Oct 272010
SKA Radio Telescope - Square Kilometre Array

Artist’s impression of the SKA dishes. Credit: SPDO/TDP/DRAO/Swinburne Astronomy Productions.

The Square Kilometre Array (SKA) project is an ambitious project to develop the world’s biggest ever radio telescope, hopefully located in Western Australia. It will be composed of thousands of receivers stretching across the whole country.

The public profile of this project seems to be growing thanks to people like Dr. Kevin Vinsen who, in their own time, sometimes give small presentations explaining the project and pointing out some of the more amazing facts about the way it works. Kevin belongs to the International Centre for Radio Astronomy Research (ICRAR) organisation which is heavily involved in the SKA project.

Recently, Kevin had a chat to the year 4s at All Saints’ College in Bull Creek, WA. He says that there are two main things in science that really get kids interested: space and dinosaurs. He reckons that if they find an exoplanet that has dinosaurs on it science will be the big winner.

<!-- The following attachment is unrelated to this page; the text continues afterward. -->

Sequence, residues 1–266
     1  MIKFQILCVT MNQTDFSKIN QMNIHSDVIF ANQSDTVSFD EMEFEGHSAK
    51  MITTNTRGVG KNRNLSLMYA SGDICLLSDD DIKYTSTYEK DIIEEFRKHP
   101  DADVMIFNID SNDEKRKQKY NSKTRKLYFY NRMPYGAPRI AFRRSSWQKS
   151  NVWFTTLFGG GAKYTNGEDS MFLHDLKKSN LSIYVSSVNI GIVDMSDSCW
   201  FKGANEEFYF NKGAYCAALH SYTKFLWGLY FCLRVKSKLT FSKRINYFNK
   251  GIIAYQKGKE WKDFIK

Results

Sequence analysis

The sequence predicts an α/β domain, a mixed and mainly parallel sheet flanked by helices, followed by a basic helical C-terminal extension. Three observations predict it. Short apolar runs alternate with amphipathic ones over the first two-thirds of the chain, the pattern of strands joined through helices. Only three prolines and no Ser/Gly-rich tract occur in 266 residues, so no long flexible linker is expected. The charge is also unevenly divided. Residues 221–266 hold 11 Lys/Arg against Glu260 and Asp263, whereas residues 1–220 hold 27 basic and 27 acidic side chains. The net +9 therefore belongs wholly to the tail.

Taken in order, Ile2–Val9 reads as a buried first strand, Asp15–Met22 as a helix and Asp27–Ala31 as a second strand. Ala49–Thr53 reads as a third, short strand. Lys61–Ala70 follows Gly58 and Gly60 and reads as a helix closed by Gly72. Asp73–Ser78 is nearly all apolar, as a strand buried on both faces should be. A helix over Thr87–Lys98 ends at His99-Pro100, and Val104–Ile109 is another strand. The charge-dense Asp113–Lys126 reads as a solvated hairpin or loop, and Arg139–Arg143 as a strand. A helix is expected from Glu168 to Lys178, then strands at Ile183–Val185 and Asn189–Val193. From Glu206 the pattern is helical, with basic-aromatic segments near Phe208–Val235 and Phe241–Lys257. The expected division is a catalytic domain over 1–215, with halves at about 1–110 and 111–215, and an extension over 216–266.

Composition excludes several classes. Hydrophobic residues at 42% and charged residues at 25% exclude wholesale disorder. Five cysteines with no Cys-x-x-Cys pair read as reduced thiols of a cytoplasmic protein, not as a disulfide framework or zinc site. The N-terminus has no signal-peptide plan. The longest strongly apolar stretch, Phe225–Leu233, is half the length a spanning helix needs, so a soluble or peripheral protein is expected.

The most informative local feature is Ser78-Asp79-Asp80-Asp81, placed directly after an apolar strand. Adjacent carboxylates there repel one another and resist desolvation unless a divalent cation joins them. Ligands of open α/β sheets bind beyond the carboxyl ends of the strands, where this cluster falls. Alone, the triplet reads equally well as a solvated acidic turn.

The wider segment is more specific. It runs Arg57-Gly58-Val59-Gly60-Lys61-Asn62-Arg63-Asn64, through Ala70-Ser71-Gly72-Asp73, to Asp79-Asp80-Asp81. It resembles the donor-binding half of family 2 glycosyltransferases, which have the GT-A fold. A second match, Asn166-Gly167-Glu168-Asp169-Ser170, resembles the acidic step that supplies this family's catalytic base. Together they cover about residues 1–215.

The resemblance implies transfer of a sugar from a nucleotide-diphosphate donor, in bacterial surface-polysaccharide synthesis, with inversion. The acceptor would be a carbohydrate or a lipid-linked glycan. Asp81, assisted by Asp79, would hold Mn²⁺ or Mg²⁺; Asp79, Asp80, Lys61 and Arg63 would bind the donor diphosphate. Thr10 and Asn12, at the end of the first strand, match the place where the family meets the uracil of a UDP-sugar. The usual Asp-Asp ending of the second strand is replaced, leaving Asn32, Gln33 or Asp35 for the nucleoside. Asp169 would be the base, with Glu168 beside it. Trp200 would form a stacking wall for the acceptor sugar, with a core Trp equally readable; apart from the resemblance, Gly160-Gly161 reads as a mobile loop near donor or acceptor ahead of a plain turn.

Yesterday, Kevin gave a test run of his presentation that he will deliver in Edinburgh next week, to the people at the Department of Education in Perth, Western Australia. The audience was primarily non-scientist and non-technical, although there were a number of software engineering specialists (you know who you are). Even so, the concept, when explained well, is captivating. A lot of conversation and questions resulted as people tried to make sense of the information and comprehend the magnitude of the huge numbers involved relating to the storage and data handling requirements tha the SKA demands.

Thanks Kevin for spreading some of your enthusiasm and knowledge and helping to raise public awareness of this amazing project.

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